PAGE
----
While the very best seats for watching the patterns and flow of a hockey game are along the broad side of the rink, sitting right behind a net affords the distinct pleasure of observing one of hockey's most curious creatures in its natural habitat: the goalie. On Thursday night, I saw the L.A. Kings play the Vancouver Canucks at the Staples Center, and got up close and personal with Roberto Luongo (twice) and Jonathan Quick.
Part of being a professional athlete, obviously, is being able to tune out the riffraff and rinkrats who are constantly piping up with their unsolicited opinions. But still, when the play is down on the far end of the ice, and an adult man is standing there all alone, and the voice of a child rings out, clear and high-pitched and true as a bell, and that child is shouting: "YOU SUCK, LUONGO!" it's impossible not to wonder if Luongo heard, and what went through his mind if he did. Probably not, and/or nothing -- but I like to imagine that he cracked a small smile and thought to himself that this pipsqueak's got nothing on the shit he gets on the regular from his own team's fans back in Vancouver.
There were a healthy number of Canucks jerseys in the crowd. Some of their wearers had perhaps waited outside the Staples Center all day, milling around the same plaza where eager Twilight fans are literally camping out just to see the red carpet of Monday's movie premiere. (It's hard to tell which fans are more rabid.) And some of them were probably in town from Vancouver, where some of them probably kicked off the season by lustily booing their goalie for getting off to the rocky start that he's known to have.
On the Canucks' recent road trip, though, he's been solid. He stopped 38 of 40 shots against Chicago earlier this week and 28 of 30 on Thursday night, and when he gets home he'll no longer be playing in his dreaded month of October. Luongo's tics are compelling to watch. I was shocked when I looked it up and learned that he's only got two inches on the Kings' Quick, because he looks infinitely bigger and more hulking -- actually, he reminded me of the Fox football robot, shifting geometrically from side to side during the national anthems, and moving in sharp angles even when doing something like taking a swig from the Gatorade bottle. (He removes that thing from its sheath like its a pistol.)
Quick, on the other hand, stood with one arm slung over the crossbar when play was on the opposite end of the ice, like a confident high schooler on a date at the movies. His movements were snappy and, well, quick -- Kevin Weekes described him as having "Crazy Bruce Lee-like flexibility, amazing reflexes, very competitive and active hands."
And while he ended up the loser in the Kings' 3-2 loss to Vancouver, none of the fans near me were getting on his case. (That was reserved for Dustin Penner, at whom the ladies around me screamed "SISSY!" with the passion of one thousand playground bullies every time he skated by.) Maybe it's because all three of the goals he let in were during the first period, when he was all the way on the far side of the rink. That's the drawback of those seats, for sure, but in this case it was more of a feature than a bug.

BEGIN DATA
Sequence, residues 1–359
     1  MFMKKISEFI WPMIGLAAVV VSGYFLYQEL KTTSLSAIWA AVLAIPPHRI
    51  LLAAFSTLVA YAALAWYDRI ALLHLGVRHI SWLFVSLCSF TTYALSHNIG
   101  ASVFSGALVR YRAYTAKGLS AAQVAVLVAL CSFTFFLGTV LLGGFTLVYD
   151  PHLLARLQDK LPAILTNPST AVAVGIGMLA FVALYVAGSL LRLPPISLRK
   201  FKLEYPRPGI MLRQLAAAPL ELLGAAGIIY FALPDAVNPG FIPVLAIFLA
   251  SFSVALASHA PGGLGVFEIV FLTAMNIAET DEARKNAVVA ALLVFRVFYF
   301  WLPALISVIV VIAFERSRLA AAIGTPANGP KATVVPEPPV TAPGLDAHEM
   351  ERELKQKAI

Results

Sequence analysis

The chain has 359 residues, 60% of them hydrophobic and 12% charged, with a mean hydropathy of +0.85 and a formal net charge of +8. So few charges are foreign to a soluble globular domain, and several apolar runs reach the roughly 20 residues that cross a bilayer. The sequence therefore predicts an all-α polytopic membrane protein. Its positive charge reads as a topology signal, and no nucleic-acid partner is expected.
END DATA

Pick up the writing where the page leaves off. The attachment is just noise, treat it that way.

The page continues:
Toronto's netminder James Reimer hasn't played since a collision with Montreal's Brian Gionta sent his helmet flying, and the team has, from the start, been cryptic about his condition. As the Toronto Star's Dave Feschuk points out, it isn't just fans who are being kept in the dark. Feschuk interviewed Reimer's mother, who called the situation "frustrating" and asked why the team isn't calling it a concussion while reporting Reimer has suffered "concussion-like symptoms." (Coach Ron Wilson, when asked about the interview, said that it had crossed the line.) Leafs fans felt the impact of Reimer's loss even harder after an unsettling game against Florida in which Toronto backup goalies Jonas Gustavsson and Ben Scrivens allowed five goals, but Scrivens bounced back and was excellent in goal Thursday night, stopping 38 shots against the Blues, going perfect in the shootout, and then being charmingly wide-and-wild-eyed in a postgame interview.
Marc-Andre Fleury's last three appearances have all gone to shootouts, with Flower picking up the win in two of three. (His one shootout loss, to the San Jose Sharks -- the first time he hadn't won a game since Oct. 17 -- came on a night where he had 34 saves otherwise.) He told the Pittsburgh Tribune-Review's Rob Rossi that his goal for the season is to win 40 games, something he hasn't done since 2006-2007.
Islanders goalie Al Montoya made a career-high 47 saves Thursday night against the Colorado Avalanche, but he was also in net while the Islanders squandered a 3-0 lead to lose 4-3 in overtime. The game-winning goal for the Avalanche came on a power play that resulted from a high-sticking penalty on Montoya. During the game, though, it wasn't Montoya who was the topic of discussion but rather Evgeni Nabokov. Rumors began flying on Twitter that he had been traded for Columbus Blue Jackets defenseman Fedor Tyutin, though they were quickly shot down as the Islanders confirmed they had not so much as asked Nabokov to waive his no-trade clause. The New York Times' Chris Botta, though, made it sound like its only a matter of time before Nabokov could be out the door: "Know this: Nabokov dying to leave, making no secret about it," he wrote on Twitter. "Family still in CA. Isles dying to get down to 2 goalies."
Tim Thomas' Movember helmet is pretty excellent. GROW YOUR MO.
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